If stage fright makes your life miserable before, during, and even after a speech, then it’s time to make 2016 the year you banish this demon once and for all.
First of all, don’t make the mistake of thinking that you have it worse than everyone else, or that speaker that you admire is lucky because she doesn’t get stage fright.
Everyone gets stage fright to a greater or lesser degree, and that includes the politicians, actors, and celebrities who make it look so easy when they’re on stage, sounding conversational, looking relaxed, and appearing to be completely in command of their surroundings.
Everyone gets stage fright, but no one has to suffer because of it. Following are some techniques and insights that will help you at least learn to live with it, and perhaps even embrace it enthusiastically.
First of all, you need to understand what stage fright is. It’s an ancient survival technique that kicks into high gear when your body is presented with a situation that seems dangerous.
Standing in front of a couple hundred people all of whom are looking at you – seems dangerous. As one writer noted, in ancient times, when we stood up in front of the tribe like that, it was either to be made leader or to be sacrificed – and both are potentially dangerous.
So your body is responding to potential danger by revving into high gear. It’s getting ready to respond more quickly, think faster, and escape more readily, than normal. Your heart may beat quickly, you breathe in shallow gasps, you may start to sweat as your metabolism speeds up – all of the familiar symptoms are merely signs that your body is going into hyperdrive.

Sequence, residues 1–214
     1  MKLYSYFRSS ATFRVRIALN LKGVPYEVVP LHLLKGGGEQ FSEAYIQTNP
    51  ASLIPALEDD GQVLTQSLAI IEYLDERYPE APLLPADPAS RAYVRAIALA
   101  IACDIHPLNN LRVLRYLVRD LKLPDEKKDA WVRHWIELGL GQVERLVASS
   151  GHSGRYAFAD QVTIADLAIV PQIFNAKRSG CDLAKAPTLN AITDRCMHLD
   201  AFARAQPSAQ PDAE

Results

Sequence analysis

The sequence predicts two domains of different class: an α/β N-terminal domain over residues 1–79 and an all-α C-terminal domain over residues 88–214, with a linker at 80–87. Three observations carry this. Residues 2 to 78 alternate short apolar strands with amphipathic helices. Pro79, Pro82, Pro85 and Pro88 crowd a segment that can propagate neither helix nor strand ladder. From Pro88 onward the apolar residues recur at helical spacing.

And that’s a good thing. Don’t you want your body to work better under pressure?
Of course, the problem is that those symptoms are often uncomfortable – the fast-beating heart can be alarming, the clammy palms can feel unpleasant – and so you interpret them as bad.
But what if you interpreted them as good signs of your increasing efficiency? When you put your foot down on the accelerator pedal of a high-powered sports car, it leaps into action. It burns more fuel, it makes more noise, and it goes faster.
The experience inside the engine is loud and smelly, but the result is a fast ride down the highway.
Think of your adrenaline response in the same way.
Now it all depends on how severe your fight-or-flight response reaction is. If it’s too severe, you’ll have difficulty thinking clearly and speaking sanely. That’s because your body is gearing you up for either fighting or fleeing, not speaking.
So here are some steps you can take to get that extreme reaction under control while you’re in the long-term process of redefining your adrenaline response as a good thing.
First of all, learn to breathe deeply. I’ve described “belly breathing” many times before in this blog, but here’s a quick summary now. You imagine that your body is an eyedropper, and you expand the bulb – your stomach – as you take air in. The idea is to imagine you’re filling the bulb – your stomach – not your lungs. In fact, don’t move your shoulders at all. Do all the work and make all the movement come from your belly.
Then, tense those abdominal muscles gently in order to hold the air in, as if you were getting ready to jump in the water. Let the air dribble slowly out as you speak. After you run out of air, repeat. Never speak if your lungs are empty. That will increase your feeling of panic.
Second, address the mental chatter that goes with the feelings of nervousness with positive self-talk. Invent a mantra for yourself and your presentations – I’m happy to get a chance to speak in front of this audience and I’m feeling confident – whatever makes sense to you. Repeat this endlessly every time before the speech that you start to get worried. The key is to drown out the fear with the mantra – always.
Finally, when you’re actually speaking, look at individual members of the audience and talk to them for, say, 30 seconds at a time, as if you were having a conversation. Many people find that this simple step is enough to help them banish stage fright forever.
If you practice these three steps, most of your stage fright will vanish, most of the time. And you’ll know why you have the remainder – and you may even look forward to having it.